A two-dimensional array of 14 seafloor pressure sensors was deployed to measure properties of tidally generated, nonlinear, high-frequency internal waves over a 14 km by 12 km area west of Stellwagen Bank in Massachusetts Bay during summer 2009. Thirteen high-frequency internal wave packets propagated through the region over 6.5 days (one packet every semidiurnal cycle). Propagation speed and direction of wave packets were determined by triangulation, using arrival times and distances between triads of sensor locations. Wavefront curvature ranged from straight to radially spreading, with wave speeds generally faster to the south. Waves propagated to the southwest, rotating to more westward with shoreward propagation. Linear theory predicts a relationship between kinetic energy and bottom pressure variance of internal waves that is sensitive to sheared background currents, water depth, and stratification. By comparison to seafloor acoustic Doppler current profiler measurements, observations nonetheless show a strong relationship between kinetic energy and bottom pressure variance. This is presumably due to phase-locking of the wave packets to the internal tide that dominates background currents and to horizontally uniform and relatively constant stratification throughout the study. This relationship was used to qualitatively describe variations in kinetic energy of the high-frequency wave packets. In general, high-frequency internal wave kinetic energy was greater near the southern extent of wavefronts and greatly decreased upon propagating shoreward of the 40 m isobath.

  4. High frequency jet ventilation and intermittent positive pressure ventilation. Effect of cerebral blood flow in patients after open heart surgery

    SciTech Connect

    Pittet, J.F.; Forster, A.; Suter, P.M. )

    1990-02-01

    Attenuation of ventilator-synchronous pressure fluctuations of intracranial pressure has been demonstrated during high frequency ventilation in animal and human studies, but the consequences of this effect on cerebral blood flow have not been investigated in man. We compared the effects of high frequency jet ventilation and intermittent positive pressure ventilation on CBF in 24 patients investigated three hours after completion of open-heart surgery. The patients were investigated during three consecutive periods with standard sedation (morphine, pancuronium): a. IPPV; b. HFJV; c. IPPV. Partial pressure of arterial CO{sub 2} (PaCO{sub 2}: 4.5-5.5 kPa) and rectal temperature (35.5 to 37.5{degree}C) were maintained constant during the study. The CBF was measured by intravenous {sup 133}Xe washout technique. The following variables were derived from the cerebral clearance of {sup 133}Xe: the rapid compartment flow, the initial slope index, ie, a combination of the rapid and the slow compartment flows, and the ratio of fast compartment flow over total CBF (FF). Compared to IPPV, HFJV applied to result in the same mean airway pressure did not produce any change in pulmonary gas exchange, mean systemic arterial pressure, and cardiac index. Similarly, CBF was not significantly altered by HFJV. However, important variations of CBF values were observed in three patients, although the classic main determinants of CBF (PaCO{sub 2}, cerebral perfusion pressure, Paw, temperature) remained unchanged. Our results suggest that in patients with normal systemic hemodynamics, the effects of HFJV and IPPV on CBF are comparable at identical levels of mean airway pressure.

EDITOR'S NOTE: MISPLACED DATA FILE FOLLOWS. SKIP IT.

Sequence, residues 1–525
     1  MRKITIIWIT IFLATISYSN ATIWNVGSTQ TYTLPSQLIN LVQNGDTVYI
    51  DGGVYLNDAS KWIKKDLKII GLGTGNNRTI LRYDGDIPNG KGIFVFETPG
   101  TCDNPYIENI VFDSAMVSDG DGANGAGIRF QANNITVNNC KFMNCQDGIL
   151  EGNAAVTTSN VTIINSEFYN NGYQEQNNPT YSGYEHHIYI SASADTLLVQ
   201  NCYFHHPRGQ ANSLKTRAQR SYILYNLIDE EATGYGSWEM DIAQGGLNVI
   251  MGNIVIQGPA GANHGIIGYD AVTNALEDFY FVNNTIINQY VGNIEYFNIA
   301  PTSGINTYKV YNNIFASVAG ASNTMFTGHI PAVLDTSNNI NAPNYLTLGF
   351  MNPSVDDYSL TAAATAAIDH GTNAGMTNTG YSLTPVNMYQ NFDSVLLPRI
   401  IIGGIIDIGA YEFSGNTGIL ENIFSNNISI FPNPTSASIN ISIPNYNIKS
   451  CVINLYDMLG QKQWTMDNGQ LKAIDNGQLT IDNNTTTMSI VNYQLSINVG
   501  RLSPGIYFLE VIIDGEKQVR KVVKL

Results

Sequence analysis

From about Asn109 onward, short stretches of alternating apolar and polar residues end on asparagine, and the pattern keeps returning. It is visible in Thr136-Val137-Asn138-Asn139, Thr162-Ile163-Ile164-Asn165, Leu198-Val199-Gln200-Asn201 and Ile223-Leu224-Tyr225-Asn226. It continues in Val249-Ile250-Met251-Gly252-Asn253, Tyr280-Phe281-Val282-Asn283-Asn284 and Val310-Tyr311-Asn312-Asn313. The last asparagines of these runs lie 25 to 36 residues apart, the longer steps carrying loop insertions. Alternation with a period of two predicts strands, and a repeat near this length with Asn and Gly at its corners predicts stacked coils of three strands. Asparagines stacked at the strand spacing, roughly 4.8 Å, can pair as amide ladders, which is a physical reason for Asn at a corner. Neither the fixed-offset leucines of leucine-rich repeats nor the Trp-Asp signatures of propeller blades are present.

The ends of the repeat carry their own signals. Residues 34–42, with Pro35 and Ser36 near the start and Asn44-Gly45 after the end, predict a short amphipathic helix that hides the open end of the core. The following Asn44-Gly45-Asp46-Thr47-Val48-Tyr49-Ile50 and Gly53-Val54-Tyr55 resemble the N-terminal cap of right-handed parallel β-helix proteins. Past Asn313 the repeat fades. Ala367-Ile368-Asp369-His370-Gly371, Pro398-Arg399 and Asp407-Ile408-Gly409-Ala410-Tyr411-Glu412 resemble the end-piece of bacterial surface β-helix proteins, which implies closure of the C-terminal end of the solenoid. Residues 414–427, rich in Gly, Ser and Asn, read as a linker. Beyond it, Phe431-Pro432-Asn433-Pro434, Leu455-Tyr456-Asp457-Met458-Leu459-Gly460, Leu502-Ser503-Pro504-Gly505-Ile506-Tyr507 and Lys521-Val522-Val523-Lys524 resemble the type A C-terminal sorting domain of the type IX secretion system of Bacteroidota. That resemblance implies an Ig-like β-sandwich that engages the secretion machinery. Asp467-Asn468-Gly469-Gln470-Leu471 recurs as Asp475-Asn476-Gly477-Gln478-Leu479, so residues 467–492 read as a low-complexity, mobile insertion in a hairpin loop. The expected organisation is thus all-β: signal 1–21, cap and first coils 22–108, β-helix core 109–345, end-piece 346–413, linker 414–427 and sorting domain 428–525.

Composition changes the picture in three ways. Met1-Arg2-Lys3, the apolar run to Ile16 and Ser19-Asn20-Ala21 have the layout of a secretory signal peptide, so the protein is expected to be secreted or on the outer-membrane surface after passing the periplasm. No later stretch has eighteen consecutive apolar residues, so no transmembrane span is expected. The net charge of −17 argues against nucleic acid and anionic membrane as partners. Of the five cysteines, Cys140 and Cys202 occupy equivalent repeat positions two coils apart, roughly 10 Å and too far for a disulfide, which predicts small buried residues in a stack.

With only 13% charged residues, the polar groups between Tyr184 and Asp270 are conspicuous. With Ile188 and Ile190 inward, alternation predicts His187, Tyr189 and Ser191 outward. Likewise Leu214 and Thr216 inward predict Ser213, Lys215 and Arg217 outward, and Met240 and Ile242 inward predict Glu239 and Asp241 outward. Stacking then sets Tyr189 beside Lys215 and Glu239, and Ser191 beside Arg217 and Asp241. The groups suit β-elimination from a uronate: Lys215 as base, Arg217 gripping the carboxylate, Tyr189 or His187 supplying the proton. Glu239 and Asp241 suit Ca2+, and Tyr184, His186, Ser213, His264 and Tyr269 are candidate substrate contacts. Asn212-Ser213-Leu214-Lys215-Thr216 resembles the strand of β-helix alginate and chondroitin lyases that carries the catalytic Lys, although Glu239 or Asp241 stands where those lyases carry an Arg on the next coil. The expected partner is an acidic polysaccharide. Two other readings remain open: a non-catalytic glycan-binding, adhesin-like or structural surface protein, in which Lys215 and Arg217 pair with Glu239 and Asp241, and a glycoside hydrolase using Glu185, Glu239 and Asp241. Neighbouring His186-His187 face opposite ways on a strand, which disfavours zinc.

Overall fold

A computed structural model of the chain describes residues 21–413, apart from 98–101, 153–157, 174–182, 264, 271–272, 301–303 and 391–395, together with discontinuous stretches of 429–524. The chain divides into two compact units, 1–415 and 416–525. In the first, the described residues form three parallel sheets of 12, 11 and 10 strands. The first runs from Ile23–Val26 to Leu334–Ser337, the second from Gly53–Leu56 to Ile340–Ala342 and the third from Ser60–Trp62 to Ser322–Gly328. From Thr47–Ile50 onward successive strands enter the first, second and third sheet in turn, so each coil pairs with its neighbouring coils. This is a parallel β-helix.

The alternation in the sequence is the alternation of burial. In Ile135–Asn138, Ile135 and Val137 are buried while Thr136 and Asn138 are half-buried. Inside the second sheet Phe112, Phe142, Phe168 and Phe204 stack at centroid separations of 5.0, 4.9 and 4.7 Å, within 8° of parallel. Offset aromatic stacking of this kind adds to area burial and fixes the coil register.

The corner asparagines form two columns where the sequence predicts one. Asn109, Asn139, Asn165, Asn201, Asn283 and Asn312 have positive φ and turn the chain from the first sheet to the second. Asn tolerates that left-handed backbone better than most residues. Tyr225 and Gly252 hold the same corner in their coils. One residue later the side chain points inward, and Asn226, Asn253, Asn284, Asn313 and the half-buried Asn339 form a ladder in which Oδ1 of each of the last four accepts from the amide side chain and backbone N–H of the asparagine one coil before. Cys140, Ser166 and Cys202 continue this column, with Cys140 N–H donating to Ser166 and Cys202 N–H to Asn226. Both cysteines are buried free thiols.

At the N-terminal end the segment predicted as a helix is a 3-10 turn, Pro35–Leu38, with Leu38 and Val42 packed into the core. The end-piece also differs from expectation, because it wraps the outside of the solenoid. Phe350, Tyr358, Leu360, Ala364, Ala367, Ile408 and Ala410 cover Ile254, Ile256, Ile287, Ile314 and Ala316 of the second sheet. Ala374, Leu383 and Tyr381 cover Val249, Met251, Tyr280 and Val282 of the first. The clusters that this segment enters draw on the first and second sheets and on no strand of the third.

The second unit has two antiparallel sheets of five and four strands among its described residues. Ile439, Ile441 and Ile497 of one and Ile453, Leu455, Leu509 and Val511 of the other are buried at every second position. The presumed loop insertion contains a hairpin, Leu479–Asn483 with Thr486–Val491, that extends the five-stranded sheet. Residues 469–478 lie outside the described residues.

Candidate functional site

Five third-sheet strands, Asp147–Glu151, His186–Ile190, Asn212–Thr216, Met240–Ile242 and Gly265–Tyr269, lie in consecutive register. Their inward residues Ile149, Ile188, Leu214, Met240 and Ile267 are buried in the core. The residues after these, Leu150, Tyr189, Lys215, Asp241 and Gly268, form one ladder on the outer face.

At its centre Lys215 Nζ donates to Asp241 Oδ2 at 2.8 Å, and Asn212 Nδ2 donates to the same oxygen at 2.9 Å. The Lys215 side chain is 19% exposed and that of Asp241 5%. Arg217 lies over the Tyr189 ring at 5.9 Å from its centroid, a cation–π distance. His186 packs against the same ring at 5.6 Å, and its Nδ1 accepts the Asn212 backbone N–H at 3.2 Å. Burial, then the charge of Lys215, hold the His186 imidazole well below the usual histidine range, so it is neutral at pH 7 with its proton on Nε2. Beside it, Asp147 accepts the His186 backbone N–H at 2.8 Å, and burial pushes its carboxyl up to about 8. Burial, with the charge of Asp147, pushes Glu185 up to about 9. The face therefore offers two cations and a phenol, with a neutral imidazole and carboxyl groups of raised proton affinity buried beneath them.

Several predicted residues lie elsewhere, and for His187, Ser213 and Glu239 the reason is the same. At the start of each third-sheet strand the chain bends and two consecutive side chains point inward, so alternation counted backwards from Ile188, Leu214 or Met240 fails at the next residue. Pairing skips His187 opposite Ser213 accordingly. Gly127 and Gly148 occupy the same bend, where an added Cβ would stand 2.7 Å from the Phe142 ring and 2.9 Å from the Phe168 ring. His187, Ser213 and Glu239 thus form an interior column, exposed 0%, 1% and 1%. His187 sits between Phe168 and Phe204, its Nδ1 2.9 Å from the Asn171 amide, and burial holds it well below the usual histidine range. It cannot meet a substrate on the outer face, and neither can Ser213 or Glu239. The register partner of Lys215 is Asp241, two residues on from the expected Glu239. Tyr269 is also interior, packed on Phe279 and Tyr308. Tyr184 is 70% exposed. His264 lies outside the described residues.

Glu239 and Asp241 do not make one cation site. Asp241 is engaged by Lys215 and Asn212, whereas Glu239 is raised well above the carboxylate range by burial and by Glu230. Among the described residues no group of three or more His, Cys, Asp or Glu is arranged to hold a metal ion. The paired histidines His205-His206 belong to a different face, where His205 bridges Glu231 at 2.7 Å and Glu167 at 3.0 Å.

5. A study of the eigenvectors of the low-frequency vibrational modes in crystalline adenosine via high pressure Raman spectroscopy.

    PubMed

    Lee, Scott A; Pinnick, David A; Anderson, A

    2014-12-01

    High-pressure Raman spectroscopy has been used to study the eigenvectors and eigenvalues of the vibrational modes of crystalline adenosine at 295 K by evaluating the logarithmic derivative of the vibrational frequency with respect to pressure: [Formula: see text]. Crystalline samples of molecular materials such as adenosine will have vibrational modes that are localized within a molecular unit ("internal" modes) as well as modes in which the molecular units vibrate against each other ("external" modes). The value of the logarithmic derivative is found to be a diagnostic probe of the nature of the eigenvector of the vibrational modes. Stretching modes which are predominantly internal to the molecule have low logarithmic derivatives while external modes have higher logarithmic derivatives. Particular interest is paid to the low-frequency (≤150 cm(-1)) modes. Based on the pressure dependence of its logarithmic derivative, a mode near 49 cm(-1) is identified as internal mode. The other modes below 400 cm(-1) have pressure dependences of their logarithmic derivatives consistent with being either (1) modes which are mainly external, meaning that the molecules of the unit cell vibrate against each other in translational or librational motions (or linear combinations thereof), or (2) torsional or bending modes involving a large number of atoms, mainly within a molecule. The modes above 400 cm(-1) all have pressure dependences of their logarithmic derivatives consistent with being mainly internal modes.